Water and Land Damage 
Rising in neighboring Yunnan Province, the Chishui River meanders in the mountains of China’s southwest for more than 500 kilometers through Guizhou to Sichuan where it joins the upper Yangtze River. The annual monsoon from May to October washes the red sandstone soil rich in bacteria into the watercourse, turning it the characteristic reddish color. In the winter, the river runs clear again.  

In 2021, driven by the booming liquor business, Renhuai, a county-level city, secured the 12th spot in the list of China’s top-100 counties by GDP, according to the local government. However, in July the same year, Guizhou provincial environmental authorities released a report on its website that an inspection in April that year found chaotic development of the liquor industry in Renhuai had caused the contamination of local streams and severe ecological problems.  

The open criticism by the provincial environmental protection agency showed Renhuai had failed to reach a goal set previously. In 2019, Guizhou provincial government ordered that water quality in Renhuai should reach Grade III (which means the water can be used as drinking water after treatment and is suitable for aquaculture according to national standards) by the end of 2020 by improving sewage treatment of wastewater from the liquor industry.  

According to the provincial document, among the 1,690 liquor producers in Renhuai, with 778 in operation in 2021, only a few large distilleries like Moutai had installed a high-quality cooling water circulation system. After the distillation process, many producers released untreated condensed high-temperature water from cooling ponds directly into watercourses.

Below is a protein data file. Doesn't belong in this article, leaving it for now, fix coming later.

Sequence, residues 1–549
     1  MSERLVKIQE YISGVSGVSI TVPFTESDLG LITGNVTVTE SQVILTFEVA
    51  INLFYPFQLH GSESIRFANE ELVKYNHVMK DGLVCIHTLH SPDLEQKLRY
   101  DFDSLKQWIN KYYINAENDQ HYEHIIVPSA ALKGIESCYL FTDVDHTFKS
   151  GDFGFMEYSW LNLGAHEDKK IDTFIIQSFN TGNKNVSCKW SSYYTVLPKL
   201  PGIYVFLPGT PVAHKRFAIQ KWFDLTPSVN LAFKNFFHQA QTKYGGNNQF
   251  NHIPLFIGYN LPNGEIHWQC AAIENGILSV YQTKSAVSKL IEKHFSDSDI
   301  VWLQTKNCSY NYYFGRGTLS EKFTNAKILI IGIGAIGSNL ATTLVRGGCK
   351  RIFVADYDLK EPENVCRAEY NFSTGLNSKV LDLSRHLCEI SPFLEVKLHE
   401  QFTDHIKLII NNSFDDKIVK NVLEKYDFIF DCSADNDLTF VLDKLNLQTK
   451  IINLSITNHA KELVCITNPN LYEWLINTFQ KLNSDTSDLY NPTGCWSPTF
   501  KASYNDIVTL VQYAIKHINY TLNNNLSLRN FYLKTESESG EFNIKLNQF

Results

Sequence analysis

Qiu Shuyi, dean of the School of Liquor and Food Engineering at Guizhou University in provincial capital Guiyang, said the pollution is because of Renhuai’s limited water treatment capacity and illegal discharge of sewage, and it is severe in the rainy season. Wu Mingyong, the owner of a small distillery called Guanchun in Maotai Town, told NewsChina that the fermenting pits used by baijiu makers are often dug out in cellars. They are made of mud and grit and not waterproof, leading to seepage.  

Ou Jie, chairperson of Hanking Distillery in Maotai Town told NewsChina that water in the Renxigou, one of the Chishui River’s tributaries, had been extremely opaque and stinky.  

According to the central and provincial inspection teams, some liquor producers in Renhuai have not moved out of conservation areas, and some began construction before they received either land use approval or an environmental assessment report. Jinjiang, one of the larger distilleries in Maotai Town was punished twice since 2020 for illicit use of forested lands. The 113-year-old wine maker has partnered with Hangzhou Wahaha Group, one of China’s leading beverage producers, since 2013, to form a company that today has an annual liquor-making capacity of more than 5,000 tons employing 350 people. On November 3, 2020, Jinjiang began construction of a 600 million yuan (US$89.9m) mega project which covers 130,000 square meters on the mountainous land along the river.  

As Renhuai is mountainous, land for construction is scarce. Under China’s Land Management Law, an entity can buy a quota of land for non-agricultural purposes from places with extra farmland. The buyer has to find plots of land of the same size and quality and keep them in agricultural use. The purpose of the policy is to facilitate economic growth while securing national food security. To boost liquor industry growth, Renhuai government purchased construction land quotas from other places. But it takes time for a distillery to get approval for the land, and some rushed to start construction before receiving approval or going through the environmental impact assessment. Worse, the amount of land taken to build liquor facilities has far exceeded the purchased agricultural land elsewhere in Renhuai. 

Trouble Fermenting 
On June 8, 2020, seven big liquor producers from Guizhou and Sichuan provinces, including Moutai, convened to release a joint declaration, in which they pledged to protect the environment along the Chishui River. During the conference, Gao Weidong, the then chairperson of Kweichou Moutai Group, said “we must be aware of the ceiling of the ecological system in the Chishui River,” and vowed not to “squander the legacy passed down from our predecessors and leave none of it to generations after us.”